Modern data gives hope for better Covid-19 booster shots
Modern data gives hope for better Covid-19 booster shots

Modern data gives hope for better Covid-19 booster shots

NNew data from Moderna gives hope that booster shots against Covid-19 can at least be somewhat more effective than they already are. But the data also points to how difficult it can be to determine exactly which Covid shots to give as annual boosters.

On Tuesday, Moderna released data that tested a booster shot that is bivalent, meaning it contains equal amounts of vaccine from two different virus strains. This booster, currently known by the code number mRNA-1273.211, contains equal amounts of mRNA of ancestral SARS-CoV-2

and peak proteins from the Beta variant of SARS-CoV-2, which originally appeared in South Africa. It does not contain vaccine specifically targeted at the Delta or Omicron variants that caused the recent waves of Covid-19.


But the bivalent booster generated levels of antibodies that blocked all newer variants – Beta, Delta and Omicron – better than the existing Moderna Covid vaccine. “We believe these results validate our bivalent strategy, which we announced and began pursuing in February 2021,” said Modern’s CEO Stephane Bancel in a statement.

For each variant, neutralizing antibody levels for the 50 microgram dose of the booster were approximately twice the existing Moderna booster dose.


Despite the encouraging data, a pre-printed next to the company’s press release – that is, a paper that has not yet been peer-reviewed by external scientists – highlights the limitations of this study.

“The study was not designed and randomized to compare different booster candidates or dose levels head-to-head, and the evaluation of booster candidates was sequential and open,” the authors write. Neither were neutral targets for neutralizing antibodies generated in the laboratory at the same time.

This means that it is impossible to say whether the antibody boost provided by the mRNA-1273.211 vaccine prevents infections or serious illness better than the existing booster.

At a hearing of a Food and Drug Administration Advisory Panel Earlier this month, experts were concerned about exactly how governments should make decisions on the composition of annual boosters. And they were adamant that governments, not pharmaceutical companies, should determine the tribal composition of the shots that the World Health Organization makes for flu shots. But these data are a reminder that these decisions can be difficult. What would experts do when faced with booster images with several different compositions? Will adding new strains work the same way for different types of vaccines? There are a large number of open questions.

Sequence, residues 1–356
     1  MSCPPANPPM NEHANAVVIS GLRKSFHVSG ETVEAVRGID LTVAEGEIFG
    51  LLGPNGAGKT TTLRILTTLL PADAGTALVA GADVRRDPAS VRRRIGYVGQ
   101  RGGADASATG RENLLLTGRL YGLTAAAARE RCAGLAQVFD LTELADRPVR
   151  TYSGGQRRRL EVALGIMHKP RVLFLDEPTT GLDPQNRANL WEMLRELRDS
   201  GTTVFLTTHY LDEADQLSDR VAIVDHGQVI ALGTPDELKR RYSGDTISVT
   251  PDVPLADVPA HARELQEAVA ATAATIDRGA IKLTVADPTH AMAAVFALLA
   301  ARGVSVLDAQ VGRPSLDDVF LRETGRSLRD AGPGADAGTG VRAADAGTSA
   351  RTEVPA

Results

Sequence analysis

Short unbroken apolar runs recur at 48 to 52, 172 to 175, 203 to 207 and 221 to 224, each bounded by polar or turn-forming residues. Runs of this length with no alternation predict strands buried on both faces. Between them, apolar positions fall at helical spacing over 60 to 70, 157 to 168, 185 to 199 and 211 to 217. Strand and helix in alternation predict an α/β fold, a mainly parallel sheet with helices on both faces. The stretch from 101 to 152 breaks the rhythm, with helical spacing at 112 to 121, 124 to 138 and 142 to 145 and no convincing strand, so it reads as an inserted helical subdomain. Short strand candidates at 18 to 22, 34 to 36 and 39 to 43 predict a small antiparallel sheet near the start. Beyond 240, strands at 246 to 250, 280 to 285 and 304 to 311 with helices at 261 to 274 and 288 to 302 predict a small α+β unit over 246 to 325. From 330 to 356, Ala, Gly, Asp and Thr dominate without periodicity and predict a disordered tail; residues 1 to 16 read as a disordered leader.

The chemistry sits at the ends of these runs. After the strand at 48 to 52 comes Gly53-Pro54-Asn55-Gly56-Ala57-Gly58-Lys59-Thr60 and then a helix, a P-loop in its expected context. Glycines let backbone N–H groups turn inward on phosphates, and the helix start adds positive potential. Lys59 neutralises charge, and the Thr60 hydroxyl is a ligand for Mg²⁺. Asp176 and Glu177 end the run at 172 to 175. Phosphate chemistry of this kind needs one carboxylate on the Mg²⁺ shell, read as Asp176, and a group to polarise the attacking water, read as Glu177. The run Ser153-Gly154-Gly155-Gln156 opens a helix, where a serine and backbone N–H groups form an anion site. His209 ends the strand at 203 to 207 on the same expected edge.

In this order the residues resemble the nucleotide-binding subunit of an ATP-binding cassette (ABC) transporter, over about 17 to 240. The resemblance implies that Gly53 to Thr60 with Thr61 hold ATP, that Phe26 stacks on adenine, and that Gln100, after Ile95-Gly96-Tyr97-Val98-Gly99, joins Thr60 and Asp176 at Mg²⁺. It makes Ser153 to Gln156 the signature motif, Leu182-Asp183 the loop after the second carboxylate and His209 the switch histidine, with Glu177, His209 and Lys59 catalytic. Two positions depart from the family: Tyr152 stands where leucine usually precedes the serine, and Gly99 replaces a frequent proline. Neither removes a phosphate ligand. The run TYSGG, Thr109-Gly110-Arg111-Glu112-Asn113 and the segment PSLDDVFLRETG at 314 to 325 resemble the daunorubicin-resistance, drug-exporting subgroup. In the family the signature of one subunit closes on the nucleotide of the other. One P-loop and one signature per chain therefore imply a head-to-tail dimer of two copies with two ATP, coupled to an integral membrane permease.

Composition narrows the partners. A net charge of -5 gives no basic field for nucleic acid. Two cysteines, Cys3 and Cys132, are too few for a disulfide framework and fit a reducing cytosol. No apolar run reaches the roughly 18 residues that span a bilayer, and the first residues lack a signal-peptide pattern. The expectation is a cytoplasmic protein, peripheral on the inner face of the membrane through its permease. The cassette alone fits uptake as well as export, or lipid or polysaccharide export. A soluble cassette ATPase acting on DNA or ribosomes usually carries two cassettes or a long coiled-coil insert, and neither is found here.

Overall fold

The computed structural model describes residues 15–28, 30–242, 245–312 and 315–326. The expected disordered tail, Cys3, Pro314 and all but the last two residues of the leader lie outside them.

There’s also the biggest problem with annual flu shots: People do not get them. Even with the current Covid boosters, this has been true. Data presented to the FDA panel said 217 million Americans have been vaccinated against Covid. But only 90 million people have received a booster dose. How many show up for a new booster next year?

Moderna does not proceed with this vaccine based on these data. Instead, it is conducting another study of its booster shot based on the Omicron strain – it is called mRNA-1273,214, with results so far in the second quarter. That study seems to randomize volunteers to receive either the new booster or the original, then should provide clearer data. Moderna said in its release that its goal is to “inform the selection of its candidate for the Northern Hemisphere fall 2022 booster.”

Moderna did not return a request for comment on the design of their Omicron booster survey.

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